Worried NASA safety experts asked the Defense Department to photograph damage to the space shuttle Columbia's heat-reflecting tiles during its doomed final flight, but other space shuttle officials canceled the request before it could be carried out, according to internal space agency e-mails disclosed last week.

The U.S. Strategic Command, which routinely monitors objects in space, had "spun up" to respond quickly to the request, but was told not to proceed because NASA had concluded the tile damage posed no "major problem," the NASA e-mails state.

The reversal came before NASA engineers had finished their analysis of how serious the tile damage problem might be, the documents show. And some engineers still worried -- up to the day before the shuttle's disastrous landing attempt Feb. 1 -- that the damage might allow a stream of hot plasma to penetrate the shuttle's left wing and destroy its landing gear and other vital mechanical systems.

"If the wing is off, or has a big hole in it, you're not going to make the runway," one engineer warned Jan. 31.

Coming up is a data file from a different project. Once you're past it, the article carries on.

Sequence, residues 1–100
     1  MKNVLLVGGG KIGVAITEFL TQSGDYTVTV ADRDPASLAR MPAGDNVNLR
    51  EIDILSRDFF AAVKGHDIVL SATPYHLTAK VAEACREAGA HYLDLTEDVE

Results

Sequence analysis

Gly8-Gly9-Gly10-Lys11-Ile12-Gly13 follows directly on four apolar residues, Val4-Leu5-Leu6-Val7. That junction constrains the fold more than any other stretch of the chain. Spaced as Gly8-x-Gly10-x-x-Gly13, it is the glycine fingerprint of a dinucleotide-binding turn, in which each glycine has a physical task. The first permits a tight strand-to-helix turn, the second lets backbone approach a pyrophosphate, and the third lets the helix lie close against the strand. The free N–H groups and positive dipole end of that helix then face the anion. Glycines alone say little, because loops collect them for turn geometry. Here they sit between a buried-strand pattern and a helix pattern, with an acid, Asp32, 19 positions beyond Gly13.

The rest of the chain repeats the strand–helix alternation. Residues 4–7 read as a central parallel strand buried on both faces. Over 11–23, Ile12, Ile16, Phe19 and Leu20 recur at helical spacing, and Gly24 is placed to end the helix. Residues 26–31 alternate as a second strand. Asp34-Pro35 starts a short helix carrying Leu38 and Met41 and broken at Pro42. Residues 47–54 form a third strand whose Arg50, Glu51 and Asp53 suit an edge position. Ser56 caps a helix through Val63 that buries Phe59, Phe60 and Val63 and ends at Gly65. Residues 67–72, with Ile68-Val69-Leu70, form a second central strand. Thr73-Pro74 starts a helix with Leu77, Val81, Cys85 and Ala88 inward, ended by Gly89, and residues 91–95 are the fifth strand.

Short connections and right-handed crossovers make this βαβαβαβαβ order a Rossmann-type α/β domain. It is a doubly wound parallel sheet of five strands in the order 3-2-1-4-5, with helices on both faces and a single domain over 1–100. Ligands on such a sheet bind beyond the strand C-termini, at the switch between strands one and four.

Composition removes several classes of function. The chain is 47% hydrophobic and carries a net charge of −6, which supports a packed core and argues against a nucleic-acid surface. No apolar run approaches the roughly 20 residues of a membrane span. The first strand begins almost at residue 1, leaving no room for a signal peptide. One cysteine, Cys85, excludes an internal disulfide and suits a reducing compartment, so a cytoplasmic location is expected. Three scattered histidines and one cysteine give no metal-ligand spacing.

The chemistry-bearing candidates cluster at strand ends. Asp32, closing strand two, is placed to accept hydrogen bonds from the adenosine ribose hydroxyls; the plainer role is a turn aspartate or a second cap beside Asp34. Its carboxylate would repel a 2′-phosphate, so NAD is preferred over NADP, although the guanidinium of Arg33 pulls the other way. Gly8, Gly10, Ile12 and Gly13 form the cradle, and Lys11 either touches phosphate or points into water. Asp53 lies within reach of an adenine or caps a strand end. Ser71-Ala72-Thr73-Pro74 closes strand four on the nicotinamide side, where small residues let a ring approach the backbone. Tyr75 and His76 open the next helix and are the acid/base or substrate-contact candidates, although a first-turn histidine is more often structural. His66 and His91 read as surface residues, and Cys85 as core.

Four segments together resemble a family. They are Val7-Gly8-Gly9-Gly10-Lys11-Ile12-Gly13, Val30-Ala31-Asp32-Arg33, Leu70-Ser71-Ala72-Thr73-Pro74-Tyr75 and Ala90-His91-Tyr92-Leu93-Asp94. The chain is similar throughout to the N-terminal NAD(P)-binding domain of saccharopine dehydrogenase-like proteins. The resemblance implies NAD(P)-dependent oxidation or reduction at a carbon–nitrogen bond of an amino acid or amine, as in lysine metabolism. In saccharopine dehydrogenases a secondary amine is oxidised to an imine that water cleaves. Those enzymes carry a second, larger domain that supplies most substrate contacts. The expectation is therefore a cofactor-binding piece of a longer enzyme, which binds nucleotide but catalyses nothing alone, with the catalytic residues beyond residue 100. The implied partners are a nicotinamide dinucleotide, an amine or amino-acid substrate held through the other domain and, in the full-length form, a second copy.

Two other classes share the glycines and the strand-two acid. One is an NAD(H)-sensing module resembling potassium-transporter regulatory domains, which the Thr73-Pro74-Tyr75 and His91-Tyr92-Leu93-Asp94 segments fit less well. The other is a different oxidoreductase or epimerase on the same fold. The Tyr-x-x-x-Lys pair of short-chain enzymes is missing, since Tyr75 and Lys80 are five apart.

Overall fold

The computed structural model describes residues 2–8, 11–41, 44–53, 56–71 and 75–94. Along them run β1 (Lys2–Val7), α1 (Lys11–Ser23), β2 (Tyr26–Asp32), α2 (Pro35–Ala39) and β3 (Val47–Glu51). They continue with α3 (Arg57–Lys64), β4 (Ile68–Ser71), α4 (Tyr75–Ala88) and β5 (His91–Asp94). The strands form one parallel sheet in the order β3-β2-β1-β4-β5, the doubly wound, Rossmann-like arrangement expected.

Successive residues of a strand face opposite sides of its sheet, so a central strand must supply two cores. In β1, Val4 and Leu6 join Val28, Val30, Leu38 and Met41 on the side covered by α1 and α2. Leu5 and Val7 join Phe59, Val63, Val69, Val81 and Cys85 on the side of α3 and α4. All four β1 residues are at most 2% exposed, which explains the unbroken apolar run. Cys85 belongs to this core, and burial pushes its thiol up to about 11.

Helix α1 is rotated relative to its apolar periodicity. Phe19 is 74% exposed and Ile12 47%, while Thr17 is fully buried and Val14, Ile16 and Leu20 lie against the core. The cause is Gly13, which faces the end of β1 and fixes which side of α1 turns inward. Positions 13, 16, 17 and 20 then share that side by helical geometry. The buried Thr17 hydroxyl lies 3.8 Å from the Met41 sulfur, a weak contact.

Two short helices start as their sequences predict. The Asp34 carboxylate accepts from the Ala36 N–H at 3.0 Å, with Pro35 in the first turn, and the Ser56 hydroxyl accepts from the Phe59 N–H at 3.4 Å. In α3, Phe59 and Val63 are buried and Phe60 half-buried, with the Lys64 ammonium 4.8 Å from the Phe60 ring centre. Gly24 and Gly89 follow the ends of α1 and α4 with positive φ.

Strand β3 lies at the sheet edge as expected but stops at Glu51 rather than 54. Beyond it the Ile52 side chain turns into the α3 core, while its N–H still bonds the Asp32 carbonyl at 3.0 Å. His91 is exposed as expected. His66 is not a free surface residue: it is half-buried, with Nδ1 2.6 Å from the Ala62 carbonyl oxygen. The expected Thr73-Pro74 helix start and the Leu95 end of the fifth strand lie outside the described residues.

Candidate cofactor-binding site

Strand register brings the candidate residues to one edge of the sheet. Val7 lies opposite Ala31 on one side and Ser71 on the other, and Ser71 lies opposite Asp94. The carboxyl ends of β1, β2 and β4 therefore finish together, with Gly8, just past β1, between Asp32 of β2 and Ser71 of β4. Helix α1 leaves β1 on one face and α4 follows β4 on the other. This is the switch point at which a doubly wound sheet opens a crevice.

The e-mails revealed that the disaster followed considerable internal debate about Columbia's safety during reentry, which NASA has largely kept hidden. It also provides fresh evidence that flight managers were ill-informed about the scope and depth of the engineers' concerns.

The warnings detailed in the e-mails were not passed along to engineers or senior NASA officials outside the Johnson Space Center, agency officials have acknowledged. Nor were flight controllers informed that an analysis of the landing risks remained incomplete on the 12th day of the 16-day mission, when they formally dismissed the problem and elected not to consider any change in the flight or landing routine.

-- R. Jeffrey Smith

This image released by the Columbia Accident Investigation Board shows the left wing of the shuttle, struck by debris on launch, on the first day of its mission.